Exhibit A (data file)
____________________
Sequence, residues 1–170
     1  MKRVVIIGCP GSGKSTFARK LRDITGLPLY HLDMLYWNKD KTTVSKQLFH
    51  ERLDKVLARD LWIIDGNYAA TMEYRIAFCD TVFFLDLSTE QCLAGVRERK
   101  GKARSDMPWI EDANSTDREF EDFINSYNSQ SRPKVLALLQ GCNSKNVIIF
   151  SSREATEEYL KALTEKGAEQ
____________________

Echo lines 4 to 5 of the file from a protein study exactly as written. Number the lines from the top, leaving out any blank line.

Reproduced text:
   101  GKARSDMPWI EDANSTDREF EDFINSYNSQ SRPKVLALLQ GCNSKNVIIF
   151  SSREATEEYL KALTEKGAEQ